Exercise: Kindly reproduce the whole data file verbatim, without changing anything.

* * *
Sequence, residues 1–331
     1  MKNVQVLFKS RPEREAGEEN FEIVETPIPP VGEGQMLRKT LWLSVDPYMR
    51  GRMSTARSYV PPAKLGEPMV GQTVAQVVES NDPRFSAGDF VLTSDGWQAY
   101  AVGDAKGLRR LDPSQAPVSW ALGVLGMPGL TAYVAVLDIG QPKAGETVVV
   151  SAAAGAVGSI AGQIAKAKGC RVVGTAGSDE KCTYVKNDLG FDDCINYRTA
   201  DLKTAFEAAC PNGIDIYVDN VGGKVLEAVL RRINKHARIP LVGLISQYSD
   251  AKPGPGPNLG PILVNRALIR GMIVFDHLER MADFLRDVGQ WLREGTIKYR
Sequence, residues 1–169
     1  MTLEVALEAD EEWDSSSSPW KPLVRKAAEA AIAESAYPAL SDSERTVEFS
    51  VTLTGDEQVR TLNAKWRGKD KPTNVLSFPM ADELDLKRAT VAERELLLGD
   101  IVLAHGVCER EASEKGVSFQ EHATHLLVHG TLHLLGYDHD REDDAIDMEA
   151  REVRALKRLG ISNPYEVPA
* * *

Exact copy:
Sequence, residues 1–331
     1  MKNVQVLFKS RPEREAGEEN FEIVETPIPP VGEGQMLRKT LWLSVDPYMR
    51  GRMSTARSYV PPAKLGEPMV GQTVAQVVES NDPRFSAGDF VLTSDGWQAY
   101  AVGDAKGLRR LDPSQAPVSW ALGVLGMPGL TAYVAVLDIG QPKAGETVVV
   151  SAAAGAVGSI AGQIAKAKGC RVVGTAGSDE KCTYVKNDLG FDDCINYRTA
   201  DLKTAFEAAC PNGIDIYVDN VGGKVLEAVL RRINKHARIP LVGLISQYSD
   251  AKPGPGPNLG PILVNRALIR GMIVFDHLER MADFLRDVGQ WLREGTIKYR
Sequence, residues 1–169
     1  MTLEVALEAD EEWDSSSSPW KPLVRKAAEA AIAESAYPAL SDSERTVEFS
    51  VTLTGDEQVR TLNAKWRGKD KPTNVLSFPM ADELDLKRAT VAERELLLGD
   101  IVLAHGVCER EASEKGVSFQ EHATHLLVHG TLHLLGYDHD REDDAIDMEA
   151  REVRALKRLG ISNPYEVPA